The notion of health and fitness has evolved over the years. Nowadays, the prime emphasis is on getting lean and not on improving strength, exercise performance, and gaining healthy muscle mass.
Creatine is a popular supplement in the fitness industry for improving lean muscle mass, building stamina, and boosting exercise ability.
What is creatine?
Creatine is an amino acid in the body that acts as an energy source during muscle activity. Creatine is turned into creatine phosphate in the body, which helps make a substance called adenosine triphosphate that provides energy for muscle contractions.
About 95% of the total creatine in the body (internally produced as well as consumed through food or supplements) is stored in skeletal muscles. The remaining 5% is found in other tissues, mainly the heart and brain.
About half of the body’s supply comes from foods of animal origin, such as red meat, milk, and seafood, and the rest is produced is in the liver and kidneys and then delivered to the skeletal muscles (where it is stored in the form of phosphocreatine) for further use. This creatine is crucial during muscle activity as it ensures an uninterrupted source of energy. Hence, the average dietary consumption of creatine may be lower for vegans and vegetarians than for nonvegetarians.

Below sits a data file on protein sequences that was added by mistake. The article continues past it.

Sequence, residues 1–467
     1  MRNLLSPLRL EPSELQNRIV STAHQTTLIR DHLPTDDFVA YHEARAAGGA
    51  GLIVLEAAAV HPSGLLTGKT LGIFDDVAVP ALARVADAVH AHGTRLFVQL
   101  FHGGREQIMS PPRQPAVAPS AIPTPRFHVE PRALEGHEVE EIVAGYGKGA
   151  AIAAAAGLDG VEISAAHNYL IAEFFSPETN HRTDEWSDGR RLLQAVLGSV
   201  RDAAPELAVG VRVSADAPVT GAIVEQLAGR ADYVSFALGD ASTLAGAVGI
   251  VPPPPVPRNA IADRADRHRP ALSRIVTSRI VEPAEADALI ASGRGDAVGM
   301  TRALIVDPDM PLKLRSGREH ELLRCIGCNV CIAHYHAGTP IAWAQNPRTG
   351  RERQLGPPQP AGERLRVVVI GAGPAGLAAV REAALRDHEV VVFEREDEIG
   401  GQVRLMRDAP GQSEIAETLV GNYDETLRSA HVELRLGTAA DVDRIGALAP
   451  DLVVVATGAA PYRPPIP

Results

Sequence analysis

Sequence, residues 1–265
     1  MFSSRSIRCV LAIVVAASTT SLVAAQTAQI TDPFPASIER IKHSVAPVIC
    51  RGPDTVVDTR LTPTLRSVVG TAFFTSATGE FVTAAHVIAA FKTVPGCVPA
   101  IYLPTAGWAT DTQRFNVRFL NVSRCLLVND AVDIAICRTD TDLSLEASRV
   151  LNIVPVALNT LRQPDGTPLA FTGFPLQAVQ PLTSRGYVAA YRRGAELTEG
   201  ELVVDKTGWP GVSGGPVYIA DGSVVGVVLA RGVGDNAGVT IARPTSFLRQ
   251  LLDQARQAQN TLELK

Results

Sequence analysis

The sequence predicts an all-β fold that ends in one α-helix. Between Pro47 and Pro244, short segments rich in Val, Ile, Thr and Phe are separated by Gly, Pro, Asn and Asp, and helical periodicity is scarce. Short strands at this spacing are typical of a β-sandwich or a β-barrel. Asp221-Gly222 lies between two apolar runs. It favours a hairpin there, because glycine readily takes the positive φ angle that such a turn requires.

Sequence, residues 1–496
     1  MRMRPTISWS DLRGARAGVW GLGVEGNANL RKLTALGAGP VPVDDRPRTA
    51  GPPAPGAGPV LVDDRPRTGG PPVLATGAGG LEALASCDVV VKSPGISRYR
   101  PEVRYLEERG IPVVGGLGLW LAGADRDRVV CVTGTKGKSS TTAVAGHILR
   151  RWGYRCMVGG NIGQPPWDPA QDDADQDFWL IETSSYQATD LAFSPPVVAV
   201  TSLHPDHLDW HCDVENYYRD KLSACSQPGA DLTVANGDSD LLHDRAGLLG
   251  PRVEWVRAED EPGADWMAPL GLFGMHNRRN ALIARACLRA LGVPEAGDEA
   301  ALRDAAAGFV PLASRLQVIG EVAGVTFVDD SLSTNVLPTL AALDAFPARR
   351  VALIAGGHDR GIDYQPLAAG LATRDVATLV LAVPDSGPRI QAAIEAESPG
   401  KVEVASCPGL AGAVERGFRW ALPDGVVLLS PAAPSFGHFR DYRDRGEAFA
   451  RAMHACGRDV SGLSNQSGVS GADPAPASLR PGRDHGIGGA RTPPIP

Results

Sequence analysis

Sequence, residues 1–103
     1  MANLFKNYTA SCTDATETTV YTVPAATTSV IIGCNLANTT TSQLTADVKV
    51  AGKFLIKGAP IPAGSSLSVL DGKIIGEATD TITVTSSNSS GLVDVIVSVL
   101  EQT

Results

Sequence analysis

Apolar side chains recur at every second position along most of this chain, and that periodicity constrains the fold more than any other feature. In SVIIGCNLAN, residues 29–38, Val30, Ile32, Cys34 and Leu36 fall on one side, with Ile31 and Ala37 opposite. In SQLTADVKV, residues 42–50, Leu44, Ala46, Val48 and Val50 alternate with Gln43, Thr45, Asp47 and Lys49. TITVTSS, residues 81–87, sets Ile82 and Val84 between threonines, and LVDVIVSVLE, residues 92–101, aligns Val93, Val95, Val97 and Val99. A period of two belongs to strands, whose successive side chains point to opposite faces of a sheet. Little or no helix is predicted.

Creatinine is a normal by-product of creatine metabolism. Due to the spontaneous conversion of creatine into creatinine, diet (high in animal protein), proper use of creatine supplements, and/or vigorous exercise can often lead to a creatinine level reading at or above the normal (>1.5 mg/dL), which is harmless in healthy individuals.
Although creatine is created naturally, the body must release stored creatine each day to keep normal levels depending on the muscle mass.
As creatine is believed to improve athletic performance, creatine supplements are popularly used to improve muscle strength and athletic performance. Various creatine supplements in the form of powder, tablets, energy bars, and drink mixes are available without a doctor's prescription. You must consult your healthcare provider to know whether these supplements are safe for you.
What are the benefits of creatine?
Creatine supplements are generally used by athletes for enhancing their physical performance and strength. Professional athletes involved in power sports, such as football, wrestling, hockey, and bodybuilding, often take creatine supplements to aid their workout routines and improve workout recovery. These supplements are allowed by various professional sports associations, including the International Olympic Committee and the National Collegiate Athletic Association (NCAA).
Creatine provides you with a quick burst of energy, enhances muscle mass, increases strength, and improves performance. The health benefits of creatine include
- Improving athletic performance: Creatine supplements are quite popular among people involved in various sports, such as rowing, basketball, cycling, swimming, soccer, and the high jump, to name a few. It is believed to improve exercise performance as well as boost post-exercise recovery. Creatine helps increase fat-free muscle mass, improves recovery from injuries, and helps athletes adjust to rigorous training schedules.